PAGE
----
In this article I set out to answer a reader question we've had come in consistently from our readers and subscribers; Is it more difficult than ever to make money out of music production?
Many will tell you that it’s nigh on impossible. There are no shortage of producers who complain about how little they earn in royalties, and how the internet has taken the meat off the bone for the creatives themselves.
But is this fair?
If you measure the success of music production in terms of sales and royalties, then yes - it is fair to a point. But as we will discuss, there is more to it than this. The precise ‘value’ of a piece of music is hard to define, and it always has been.
Let’s just go back to the “good old days” – the days where the first stars of electronic music were born in the nightclubs of Chicago, New York and Detroit, and vinyl was the only medium in town. The price of music was higher than it is now and your average release sold a lot more units than they do now. So the artists made more money, right?
Well it figures that the sale of 4,000 vinyl at $15 each should be more fruitful for the artist than selling 200 downloads at $3 each. But don’t be fooled – there was never this utopian era where a living came easily to the artists. Only a small amount of the sale price ever went to the artist, and often they got nothing at all.
The artists were at the mercy of labels and distribution plants, many of whom were at best, incompetent, and at worst, unashamed thieves. Just type the name “Larry Sherman” into google to find out more about the wild-west nature of Chicago’s main record distributor. Stories abound of bootlegged vinyl being repressed by using old shoes, and artists never being told by their labels that they were selling hundreds of thousands of records in Europe.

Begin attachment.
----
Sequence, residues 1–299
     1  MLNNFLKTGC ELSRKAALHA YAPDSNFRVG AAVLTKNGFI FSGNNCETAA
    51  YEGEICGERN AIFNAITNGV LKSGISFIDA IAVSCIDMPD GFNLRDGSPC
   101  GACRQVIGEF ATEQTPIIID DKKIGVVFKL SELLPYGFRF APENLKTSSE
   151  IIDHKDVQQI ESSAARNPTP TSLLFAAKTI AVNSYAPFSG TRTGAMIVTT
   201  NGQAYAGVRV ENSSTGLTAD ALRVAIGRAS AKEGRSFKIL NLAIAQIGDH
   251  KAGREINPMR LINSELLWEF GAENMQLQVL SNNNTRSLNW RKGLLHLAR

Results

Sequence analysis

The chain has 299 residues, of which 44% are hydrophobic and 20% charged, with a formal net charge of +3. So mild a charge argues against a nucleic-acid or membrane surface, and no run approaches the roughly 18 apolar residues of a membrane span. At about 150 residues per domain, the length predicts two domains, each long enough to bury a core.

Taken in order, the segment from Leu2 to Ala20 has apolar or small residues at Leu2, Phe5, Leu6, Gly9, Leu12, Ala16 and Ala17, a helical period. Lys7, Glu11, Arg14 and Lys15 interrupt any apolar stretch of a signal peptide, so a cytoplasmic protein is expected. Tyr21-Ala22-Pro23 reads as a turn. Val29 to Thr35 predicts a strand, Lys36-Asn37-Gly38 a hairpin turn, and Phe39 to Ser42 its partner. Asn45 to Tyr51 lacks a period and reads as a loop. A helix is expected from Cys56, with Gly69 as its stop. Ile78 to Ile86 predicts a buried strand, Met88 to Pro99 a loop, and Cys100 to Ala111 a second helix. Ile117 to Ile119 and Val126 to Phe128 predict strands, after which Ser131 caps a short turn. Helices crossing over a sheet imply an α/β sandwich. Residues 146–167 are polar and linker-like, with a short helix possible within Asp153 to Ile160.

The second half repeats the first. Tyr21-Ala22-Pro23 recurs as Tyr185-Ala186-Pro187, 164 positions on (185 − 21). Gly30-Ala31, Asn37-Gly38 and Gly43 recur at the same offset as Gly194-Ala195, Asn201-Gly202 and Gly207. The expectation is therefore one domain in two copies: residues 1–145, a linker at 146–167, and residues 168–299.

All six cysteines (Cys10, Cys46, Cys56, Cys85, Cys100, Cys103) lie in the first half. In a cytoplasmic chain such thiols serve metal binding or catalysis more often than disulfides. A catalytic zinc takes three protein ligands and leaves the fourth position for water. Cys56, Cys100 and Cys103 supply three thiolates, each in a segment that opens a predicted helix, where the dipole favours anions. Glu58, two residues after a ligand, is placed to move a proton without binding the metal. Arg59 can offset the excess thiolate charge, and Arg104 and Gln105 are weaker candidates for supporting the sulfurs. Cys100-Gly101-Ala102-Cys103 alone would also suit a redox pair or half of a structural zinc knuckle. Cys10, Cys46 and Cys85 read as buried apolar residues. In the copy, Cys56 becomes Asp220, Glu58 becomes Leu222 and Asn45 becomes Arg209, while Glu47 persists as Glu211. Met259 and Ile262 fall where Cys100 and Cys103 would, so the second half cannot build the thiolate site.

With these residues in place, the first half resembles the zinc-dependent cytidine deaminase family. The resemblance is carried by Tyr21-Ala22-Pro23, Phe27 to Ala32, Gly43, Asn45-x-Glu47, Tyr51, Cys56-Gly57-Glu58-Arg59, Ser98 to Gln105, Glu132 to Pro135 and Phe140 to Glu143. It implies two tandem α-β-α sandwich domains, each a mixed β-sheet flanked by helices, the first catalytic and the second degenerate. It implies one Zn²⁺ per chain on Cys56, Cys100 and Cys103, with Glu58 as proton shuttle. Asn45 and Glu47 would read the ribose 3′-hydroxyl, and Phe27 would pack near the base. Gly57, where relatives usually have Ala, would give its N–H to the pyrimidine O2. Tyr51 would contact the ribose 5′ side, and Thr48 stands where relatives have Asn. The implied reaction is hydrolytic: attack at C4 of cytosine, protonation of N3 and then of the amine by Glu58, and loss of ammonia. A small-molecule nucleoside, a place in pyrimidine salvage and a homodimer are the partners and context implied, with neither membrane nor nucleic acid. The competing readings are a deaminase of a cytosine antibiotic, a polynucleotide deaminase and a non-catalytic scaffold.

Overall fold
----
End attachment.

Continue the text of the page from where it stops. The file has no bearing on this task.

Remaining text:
But even in spite of the madness, it was possible to have a full-time living just off the back of record sales – more ‘possible’ than it is today. The volume of sales was such that if you were lucky, you could get by. But it’s important to stress that this was the select few, and that even back then, the ‘real’ money was in the DJing, rather like it is now. The biggest names from the 1980s house/techno scene have been sustained by their DJing, not by their record sales.
It is true that as far as the overall career plan goes, there is now a greater emphasis than ever on the DJing/performing. Most music for sale on Beatport is basically a calling card for the artist, rather than a direct money earner. The majority of releases up in cyberspace will not pay the artist a cent, simply because they don’t sell enough to cover the costs of releasing the music.
It’s a cruel irony that many artists only earn good money from their productions after they’ve made it as a DJ, and that to get into that position, they had to churn out a high volume of music that barely paid them anything when they probably needed the money the most.
But don’t let anybody tell you that it’s Armageddon for the dance music biz. However much the production of music may have been devalued in a monetary sense, it is still possible to build a career around it.